Epizootic meaning

ĕpĭ-zō-ŏtĭk
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Occurring at the same time among an unusually large number of animals in a particular geographic area. Used of a disease.
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Epidemic among animals.
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An epizootic disease.
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Occurring at the same time among an unusually large number of animals in a particular geographic area. Used of a disease.
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An epizootic disease.
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Relating to a rapidly spreading disease that affects a large number of animals at the same time within a particular area.
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An epizootic disease.
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(epidemiology) An occurrence of a disease or disorder in a population of non-human animals at a frequency higher than that expected in a given time period. Compare epidemic.

At the same time as an epidemic of the flu broke out among the people, an epizootic of the swine flu broke out among their pigs.

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A particular epizootic (epizootically-occurring) disease.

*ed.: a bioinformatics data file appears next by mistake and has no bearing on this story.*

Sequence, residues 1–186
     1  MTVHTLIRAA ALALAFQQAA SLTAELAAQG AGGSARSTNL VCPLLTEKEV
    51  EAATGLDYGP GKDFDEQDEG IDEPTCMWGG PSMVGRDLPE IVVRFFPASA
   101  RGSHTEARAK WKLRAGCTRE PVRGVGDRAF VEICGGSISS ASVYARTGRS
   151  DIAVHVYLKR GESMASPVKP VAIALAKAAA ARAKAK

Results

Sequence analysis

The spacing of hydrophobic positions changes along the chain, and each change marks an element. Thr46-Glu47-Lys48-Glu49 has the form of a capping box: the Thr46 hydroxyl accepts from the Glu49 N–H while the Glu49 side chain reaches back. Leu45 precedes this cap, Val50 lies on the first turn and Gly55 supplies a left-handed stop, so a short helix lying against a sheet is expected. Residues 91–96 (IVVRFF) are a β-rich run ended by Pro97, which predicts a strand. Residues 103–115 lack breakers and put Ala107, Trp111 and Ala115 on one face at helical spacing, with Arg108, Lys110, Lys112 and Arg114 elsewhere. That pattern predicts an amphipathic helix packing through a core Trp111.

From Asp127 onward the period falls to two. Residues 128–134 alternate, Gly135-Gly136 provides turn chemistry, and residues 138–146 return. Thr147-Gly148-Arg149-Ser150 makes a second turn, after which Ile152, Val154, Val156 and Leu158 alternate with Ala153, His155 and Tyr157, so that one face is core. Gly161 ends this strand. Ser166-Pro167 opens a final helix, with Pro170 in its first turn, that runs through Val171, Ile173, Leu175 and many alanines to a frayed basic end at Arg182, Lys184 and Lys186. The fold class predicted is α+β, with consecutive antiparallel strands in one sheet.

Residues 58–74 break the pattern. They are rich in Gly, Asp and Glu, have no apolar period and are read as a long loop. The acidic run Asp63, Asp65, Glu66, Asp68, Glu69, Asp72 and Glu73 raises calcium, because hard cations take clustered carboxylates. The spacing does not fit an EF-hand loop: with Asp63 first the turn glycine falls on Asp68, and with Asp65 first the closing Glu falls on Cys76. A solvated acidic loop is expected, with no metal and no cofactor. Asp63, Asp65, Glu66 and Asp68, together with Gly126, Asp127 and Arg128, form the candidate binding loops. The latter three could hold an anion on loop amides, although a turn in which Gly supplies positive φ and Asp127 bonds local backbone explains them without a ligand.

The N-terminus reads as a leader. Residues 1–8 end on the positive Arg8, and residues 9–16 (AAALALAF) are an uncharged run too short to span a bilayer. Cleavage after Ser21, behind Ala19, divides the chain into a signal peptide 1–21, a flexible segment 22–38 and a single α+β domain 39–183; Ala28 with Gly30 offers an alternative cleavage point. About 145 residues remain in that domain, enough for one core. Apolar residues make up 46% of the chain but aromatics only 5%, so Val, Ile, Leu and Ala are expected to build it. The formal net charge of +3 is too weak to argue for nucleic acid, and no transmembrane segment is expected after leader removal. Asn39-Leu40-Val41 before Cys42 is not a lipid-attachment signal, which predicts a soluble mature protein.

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(dialectal, humorous, often in the plural) A disease or ailment.

Johnny's not doing so well today, I think he caught the epizootic.

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(epidemiology) Like or having to do with an epizootic: epidemic among animals.

Epizootic plague occurred in the mice following introduction of rats from Europe.

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(geology, rare) Containing fossils.
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An epizootic disease.
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Origin of epizootic

  • epi– zo(o)– –otic

    From American Heritage Dictionary of the English Language, 5th Edition

  • From French épizootique, animal equivalent of epidemic, from épizootie, irregularly formed from Ancient Greek ἐπί (epi-) + ζῷον (zōon, “animal”). epi- +‎ zo- +‎ -otic. Use of the word in the second sense, "an ailment", was likely originally a reference to a particular epizootic ailment. Both senses are attested since at least the 1800s, and the pronunciation with five syllables is explicitly attested since then as well. Dialectal pronunciation of the second sense with four syllables is attested since at least the 1910s in spellings like "epizudic" and is suggested by 1870s references to a shortened form of the word, "zooty".

    From Wiktionary